Friday, March 15, 2013

Healthy Heart Diet

A heart healthy diet is an eating plan low in total fat, unhealthy fats, and sodium. A heart healthy diet helps to decrease your risk for heart disease. If you have already had a heart attack or stroke, a heart healthy diet may help to decrease your risk of having another heart attack or stroke.


Different types of fat in food:
Unhealthy fats: A diet that is high in cholesterol, saturated fat, and trans fat may cause unhealthy cholesterol levels. Unhealthy cholesterol levels increase your risk of heart disease.
Cholesterol:Limit intake of cholesterol to less than 200 mg per day. Cholesterol is found in meat, eggs, and dairy.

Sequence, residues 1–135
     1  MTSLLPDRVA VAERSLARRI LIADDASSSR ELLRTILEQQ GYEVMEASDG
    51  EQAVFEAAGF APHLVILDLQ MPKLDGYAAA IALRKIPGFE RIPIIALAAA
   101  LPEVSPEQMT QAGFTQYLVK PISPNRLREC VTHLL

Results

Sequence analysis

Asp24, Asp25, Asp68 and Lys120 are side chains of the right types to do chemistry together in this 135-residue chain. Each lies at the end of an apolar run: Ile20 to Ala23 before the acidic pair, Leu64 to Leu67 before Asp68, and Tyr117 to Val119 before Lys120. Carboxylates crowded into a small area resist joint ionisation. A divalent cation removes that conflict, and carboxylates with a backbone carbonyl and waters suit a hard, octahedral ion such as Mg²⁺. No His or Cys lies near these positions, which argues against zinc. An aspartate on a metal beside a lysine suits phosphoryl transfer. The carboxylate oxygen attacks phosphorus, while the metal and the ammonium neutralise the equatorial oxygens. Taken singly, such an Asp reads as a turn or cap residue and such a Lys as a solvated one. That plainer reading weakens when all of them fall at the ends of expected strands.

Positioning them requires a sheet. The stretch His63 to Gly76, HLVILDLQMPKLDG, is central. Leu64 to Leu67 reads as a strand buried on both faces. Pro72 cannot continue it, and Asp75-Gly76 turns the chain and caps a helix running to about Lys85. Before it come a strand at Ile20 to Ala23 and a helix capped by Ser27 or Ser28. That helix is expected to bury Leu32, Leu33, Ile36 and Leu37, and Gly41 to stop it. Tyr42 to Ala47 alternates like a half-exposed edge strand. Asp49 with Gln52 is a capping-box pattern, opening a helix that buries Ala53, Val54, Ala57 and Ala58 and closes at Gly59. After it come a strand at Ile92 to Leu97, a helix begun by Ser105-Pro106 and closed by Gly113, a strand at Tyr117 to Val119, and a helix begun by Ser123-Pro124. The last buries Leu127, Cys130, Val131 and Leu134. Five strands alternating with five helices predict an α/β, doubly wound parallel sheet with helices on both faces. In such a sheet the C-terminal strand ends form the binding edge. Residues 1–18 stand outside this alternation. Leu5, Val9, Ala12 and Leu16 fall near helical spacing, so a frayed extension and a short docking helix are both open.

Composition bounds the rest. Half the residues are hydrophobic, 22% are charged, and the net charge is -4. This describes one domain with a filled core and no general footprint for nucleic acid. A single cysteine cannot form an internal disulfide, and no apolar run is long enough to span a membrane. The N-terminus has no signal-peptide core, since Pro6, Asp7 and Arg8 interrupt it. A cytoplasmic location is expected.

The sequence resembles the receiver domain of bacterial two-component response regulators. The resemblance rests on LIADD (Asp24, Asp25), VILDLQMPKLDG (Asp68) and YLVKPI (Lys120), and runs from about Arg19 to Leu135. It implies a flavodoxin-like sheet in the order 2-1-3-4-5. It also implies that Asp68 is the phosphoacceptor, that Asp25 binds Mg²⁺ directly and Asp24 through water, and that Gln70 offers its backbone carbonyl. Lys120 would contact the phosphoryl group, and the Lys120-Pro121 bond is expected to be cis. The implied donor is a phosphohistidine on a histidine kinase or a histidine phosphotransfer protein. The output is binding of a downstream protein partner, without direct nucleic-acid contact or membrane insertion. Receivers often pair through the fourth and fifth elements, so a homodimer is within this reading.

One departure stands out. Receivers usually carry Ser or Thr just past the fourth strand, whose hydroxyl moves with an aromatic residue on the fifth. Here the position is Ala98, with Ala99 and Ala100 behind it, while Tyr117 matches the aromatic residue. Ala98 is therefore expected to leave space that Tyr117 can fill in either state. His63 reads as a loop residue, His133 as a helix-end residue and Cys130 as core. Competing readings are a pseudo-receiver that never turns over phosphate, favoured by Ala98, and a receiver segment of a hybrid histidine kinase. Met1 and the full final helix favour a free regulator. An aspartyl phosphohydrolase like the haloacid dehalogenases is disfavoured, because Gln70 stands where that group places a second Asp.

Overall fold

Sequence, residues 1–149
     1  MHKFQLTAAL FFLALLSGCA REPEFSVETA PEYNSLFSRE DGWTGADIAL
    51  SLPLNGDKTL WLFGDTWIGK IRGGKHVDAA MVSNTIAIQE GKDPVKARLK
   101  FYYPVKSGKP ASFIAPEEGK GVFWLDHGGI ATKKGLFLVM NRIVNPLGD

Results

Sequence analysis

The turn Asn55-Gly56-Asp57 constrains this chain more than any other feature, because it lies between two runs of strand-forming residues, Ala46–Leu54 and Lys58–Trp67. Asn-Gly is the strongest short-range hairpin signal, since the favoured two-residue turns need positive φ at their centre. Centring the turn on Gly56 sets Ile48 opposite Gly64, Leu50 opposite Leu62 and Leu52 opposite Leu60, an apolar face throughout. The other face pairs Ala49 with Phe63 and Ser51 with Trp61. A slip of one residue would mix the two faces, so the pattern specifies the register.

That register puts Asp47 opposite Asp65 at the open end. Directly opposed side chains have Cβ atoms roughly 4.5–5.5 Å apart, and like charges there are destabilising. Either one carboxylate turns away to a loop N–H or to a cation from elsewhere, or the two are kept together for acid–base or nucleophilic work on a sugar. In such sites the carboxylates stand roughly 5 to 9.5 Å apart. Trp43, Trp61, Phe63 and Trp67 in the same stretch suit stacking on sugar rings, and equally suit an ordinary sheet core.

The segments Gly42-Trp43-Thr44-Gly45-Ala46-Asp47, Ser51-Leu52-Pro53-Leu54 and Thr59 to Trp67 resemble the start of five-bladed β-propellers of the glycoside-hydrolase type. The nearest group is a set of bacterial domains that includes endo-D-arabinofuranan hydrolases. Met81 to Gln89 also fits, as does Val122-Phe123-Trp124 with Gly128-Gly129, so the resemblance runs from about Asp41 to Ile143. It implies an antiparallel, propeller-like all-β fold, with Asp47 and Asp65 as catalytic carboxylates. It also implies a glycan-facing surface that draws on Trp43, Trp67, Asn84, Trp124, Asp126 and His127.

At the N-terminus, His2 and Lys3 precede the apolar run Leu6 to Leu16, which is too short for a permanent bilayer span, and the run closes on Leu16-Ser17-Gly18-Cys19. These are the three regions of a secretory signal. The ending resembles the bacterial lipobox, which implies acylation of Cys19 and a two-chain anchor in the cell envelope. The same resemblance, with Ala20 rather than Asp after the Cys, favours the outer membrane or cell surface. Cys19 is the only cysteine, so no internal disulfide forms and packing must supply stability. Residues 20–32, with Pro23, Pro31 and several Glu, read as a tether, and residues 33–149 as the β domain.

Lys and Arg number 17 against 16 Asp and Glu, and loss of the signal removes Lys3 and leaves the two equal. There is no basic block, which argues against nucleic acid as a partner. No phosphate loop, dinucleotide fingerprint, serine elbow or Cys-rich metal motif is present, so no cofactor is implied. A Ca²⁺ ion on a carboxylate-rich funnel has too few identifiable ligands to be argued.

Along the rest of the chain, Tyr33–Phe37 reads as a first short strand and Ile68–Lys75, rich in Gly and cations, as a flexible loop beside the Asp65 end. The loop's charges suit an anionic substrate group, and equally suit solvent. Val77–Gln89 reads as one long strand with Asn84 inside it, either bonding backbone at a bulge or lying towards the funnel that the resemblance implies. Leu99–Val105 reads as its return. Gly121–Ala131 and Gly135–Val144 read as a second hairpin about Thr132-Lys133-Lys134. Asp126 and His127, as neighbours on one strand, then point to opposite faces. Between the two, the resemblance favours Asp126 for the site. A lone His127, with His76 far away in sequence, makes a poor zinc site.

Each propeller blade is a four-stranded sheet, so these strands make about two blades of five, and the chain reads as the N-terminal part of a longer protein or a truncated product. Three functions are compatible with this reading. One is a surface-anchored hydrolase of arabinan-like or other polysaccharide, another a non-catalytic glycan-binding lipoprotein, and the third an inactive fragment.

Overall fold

Saturated fat:Limit saturated fat to less than 7% of your total daily calories. Ask your primary healthcare provider how many calories you need each day. Saturated fats are found in butter, cheese, ice cream, whole milk, and palm oil. Saturated fat is also found in meat, such as beef, pork, chicken skin, sausage, hot dogs, and bologna.
Trans fat: Avoid trans fat as much as possible. Foods that say trans fat free on the label may still have up to 0.5 grams of fat per serving. Trans fats are used in fried and baked foods.
Healthy fats:Unsaturated fats can help to improve your cholesterol levels. Replace foods that are high in saturated and trans fats with foods that are high in the following kinds of fats:
Monounsaturated fats:These are found in avocados, nuts, and vegetable oils, such as olive, canola, and sunflower oil.